The Canadian Myeloma PSP: Funding Opportunity and Current Research
Published: 03 February 2023
The Canadian Myeloma Priority Setting Partnership (PSP) was established in 2019 to identify the priorities for multiple myeloma research in Canada, determined by people with myeloma, their caregivers, and healthcare providers.
The Canadian Myeloma PSP was made possible by the collaborative efforts of the Horizon Health Network, the Maritime SPOR SUPPORT Unit (MSSU), and Myeloma Canada, a national charitable organization created by and for Canadians impacted by multiple myeloma.
The Canadian Myeloma PSP followed the rigorous methodology developed by the JLA to identify the Top 10 research questions about the diagnosis, treatment, management, and living well with myeloma. The resulting Top 10 list was published in the British Journal of Haematology to raise awareness among myeloma clinicians and researchers.
Top Ten Priorities for Multiple Myeloma Research in Canada
How can we cure myeloma?
Are novel immunotherapies effective for the treatment of myeloma?
How can we improve the diagnosis (e.g. faster, less invasive) of myeloma, and what is the impact of earlier diagnosis on patient outcomes?
What are new treatments for myeloma patients that will improve life expectancy with fewer adverse side effects?
How can we personalise a patients treatment based on their type of myeloma and genetic profile, and what is the impact of personalised medicine on treatment efficacy and disease outcomes?
How can we prevent bone deterioration and/or repair bones that have been damaged without negative side effects or surgery?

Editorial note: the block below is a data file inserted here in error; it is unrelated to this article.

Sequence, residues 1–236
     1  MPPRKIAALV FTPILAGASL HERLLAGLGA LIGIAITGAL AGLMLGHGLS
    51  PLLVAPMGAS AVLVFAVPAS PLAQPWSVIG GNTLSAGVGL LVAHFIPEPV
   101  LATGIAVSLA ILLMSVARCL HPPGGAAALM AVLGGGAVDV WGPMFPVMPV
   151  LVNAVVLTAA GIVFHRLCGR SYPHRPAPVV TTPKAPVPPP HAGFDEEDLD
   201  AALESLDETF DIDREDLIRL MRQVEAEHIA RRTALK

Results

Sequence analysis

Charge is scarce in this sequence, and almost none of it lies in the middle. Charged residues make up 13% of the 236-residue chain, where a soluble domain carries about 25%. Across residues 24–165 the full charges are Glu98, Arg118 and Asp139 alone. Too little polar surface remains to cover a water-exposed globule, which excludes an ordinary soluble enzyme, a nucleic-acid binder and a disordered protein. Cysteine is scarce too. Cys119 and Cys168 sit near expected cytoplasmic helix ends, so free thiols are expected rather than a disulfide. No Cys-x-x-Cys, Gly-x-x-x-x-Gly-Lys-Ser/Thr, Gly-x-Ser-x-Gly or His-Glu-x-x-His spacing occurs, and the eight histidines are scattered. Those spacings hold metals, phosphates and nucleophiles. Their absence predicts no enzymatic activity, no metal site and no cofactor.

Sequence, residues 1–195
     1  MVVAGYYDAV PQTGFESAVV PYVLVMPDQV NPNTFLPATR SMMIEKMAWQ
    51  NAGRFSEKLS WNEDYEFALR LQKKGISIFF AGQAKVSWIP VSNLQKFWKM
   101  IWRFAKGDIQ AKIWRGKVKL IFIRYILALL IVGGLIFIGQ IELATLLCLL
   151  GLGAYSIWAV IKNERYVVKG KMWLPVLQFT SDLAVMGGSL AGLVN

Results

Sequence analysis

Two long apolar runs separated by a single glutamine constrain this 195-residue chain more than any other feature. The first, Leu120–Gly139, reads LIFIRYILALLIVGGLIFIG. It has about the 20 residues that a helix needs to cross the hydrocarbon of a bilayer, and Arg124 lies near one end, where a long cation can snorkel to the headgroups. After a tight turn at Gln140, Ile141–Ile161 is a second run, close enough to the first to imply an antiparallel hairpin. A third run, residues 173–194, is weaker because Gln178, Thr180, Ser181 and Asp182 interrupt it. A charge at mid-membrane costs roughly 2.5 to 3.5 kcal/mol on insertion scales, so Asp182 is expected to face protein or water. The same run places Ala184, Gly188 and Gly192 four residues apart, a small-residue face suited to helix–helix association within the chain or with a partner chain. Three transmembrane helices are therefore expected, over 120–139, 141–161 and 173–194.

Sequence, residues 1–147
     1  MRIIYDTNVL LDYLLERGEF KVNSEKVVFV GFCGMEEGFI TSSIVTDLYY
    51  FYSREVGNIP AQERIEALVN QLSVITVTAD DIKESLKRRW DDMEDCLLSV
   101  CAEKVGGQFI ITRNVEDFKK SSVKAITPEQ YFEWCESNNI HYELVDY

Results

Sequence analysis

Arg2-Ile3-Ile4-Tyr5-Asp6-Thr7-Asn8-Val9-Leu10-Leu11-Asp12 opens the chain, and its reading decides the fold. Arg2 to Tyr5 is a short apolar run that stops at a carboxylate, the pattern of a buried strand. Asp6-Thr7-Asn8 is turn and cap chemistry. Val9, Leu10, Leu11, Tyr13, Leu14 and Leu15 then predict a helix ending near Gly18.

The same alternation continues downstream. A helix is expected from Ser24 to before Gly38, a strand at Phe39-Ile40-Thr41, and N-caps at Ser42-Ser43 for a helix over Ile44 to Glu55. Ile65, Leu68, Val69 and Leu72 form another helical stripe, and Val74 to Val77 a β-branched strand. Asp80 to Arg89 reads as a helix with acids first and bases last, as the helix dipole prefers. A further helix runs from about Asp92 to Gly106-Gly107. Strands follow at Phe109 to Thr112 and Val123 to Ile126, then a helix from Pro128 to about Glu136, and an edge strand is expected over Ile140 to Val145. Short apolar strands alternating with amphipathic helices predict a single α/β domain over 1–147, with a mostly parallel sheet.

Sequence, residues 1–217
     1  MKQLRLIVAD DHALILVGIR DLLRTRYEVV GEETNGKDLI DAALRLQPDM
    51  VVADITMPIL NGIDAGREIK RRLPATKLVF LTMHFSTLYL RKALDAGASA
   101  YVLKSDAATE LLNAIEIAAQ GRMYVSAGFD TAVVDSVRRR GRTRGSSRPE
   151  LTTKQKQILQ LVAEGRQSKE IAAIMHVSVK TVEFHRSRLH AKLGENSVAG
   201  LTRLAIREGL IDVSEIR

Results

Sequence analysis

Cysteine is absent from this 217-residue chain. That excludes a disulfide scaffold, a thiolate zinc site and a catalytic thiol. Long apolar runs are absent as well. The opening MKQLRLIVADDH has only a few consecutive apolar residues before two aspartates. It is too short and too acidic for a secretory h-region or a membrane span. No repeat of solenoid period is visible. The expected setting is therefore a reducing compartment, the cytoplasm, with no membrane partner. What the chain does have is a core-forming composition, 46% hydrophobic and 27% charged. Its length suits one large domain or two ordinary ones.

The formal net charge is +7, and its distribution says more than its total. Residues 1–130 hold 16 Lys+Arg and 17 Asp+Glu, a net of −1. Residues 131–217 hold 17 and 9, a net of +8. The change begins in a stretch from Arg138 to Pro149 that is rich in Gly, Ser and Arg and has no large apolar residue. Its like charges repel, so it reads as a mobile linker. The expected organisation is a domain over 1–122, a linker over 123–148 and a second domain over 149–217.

How can we safely reduce, cycle or stop the use of anti-myeloma medications to reduce side effects of treatment and maintain control over myeloma?
How can we reduce or manage the short-and long-term adverse effects of myeloma treatment?
What is the most effective way (i.e., drug companies, sequence, frequency and intensity) to treat refractory, relapsed, and drug resistant myeloma?
Can we develop treatments specifically for high risk or aggressive myeloma that will improve outcomes for these patients?
Furthermore, Myeloma Canada established the Aldo Del Col Research Grant to fund research projects addressing one or more of the Top 10 questions. The goal of the program is to reduce the knowledge gaps concerning the diagnosis and treatment of myeloma (and/or related plasma cell disorders) identified through the Canadian Myeloma PSP. In its inaugural year, the Aldo Del Col Research Grant awarded $150,000 funding to two research projects addressing specific priorities established by the PSP.
Dr. Visram and her research team at the Ottawa Hospital Research Institute are using the grant funding to develop an effective and accessible CAR-NK therapy, an innovative immunotherapy with the ability to target specific cancers and reduce the neurological side effects associated with other biologic therapies. They hope that once optimized, this therapy will be tested in a clinical trial with Canadian myeloma patients. This research addresses Top 10 priorities #1 (How can we find a cure for myeloma?) and #2 (Are novel immunotherapies effective for the treatment of myeloma?).
From the University of Alberta and Cancer Care Alberta, Dr. McNeely, research associates, and patient advisers are addressing priority #8 of the Canadian Myeloma PSP (How can we reduce or manage the short- and long-term effects of myeloma treatment?). To do this, their study will test virtual technology to support exercise as an accessible intervention for individuals living with myeloma during the induction treatment phase to better prepare and enable them to withstand and recover from a stem cell transplant.
The funding made available by Myeloma Canada through the Aldo Del Col Research Grant will directly benefit patients, caregivers, and clinicians within the myeloma community. Our aim with the project was to shape the future of myeloma research in Canada by funding research that matters to the myeloma community. The creation of the Aldo Del Col Research Grant is an important first step towards this goal. The projects highlighted here are only the beginning; we are excited to discover forthcoming research aimed at more of the Top 10 myeloma priorities and ultimately improve the lives of people affected by this disease.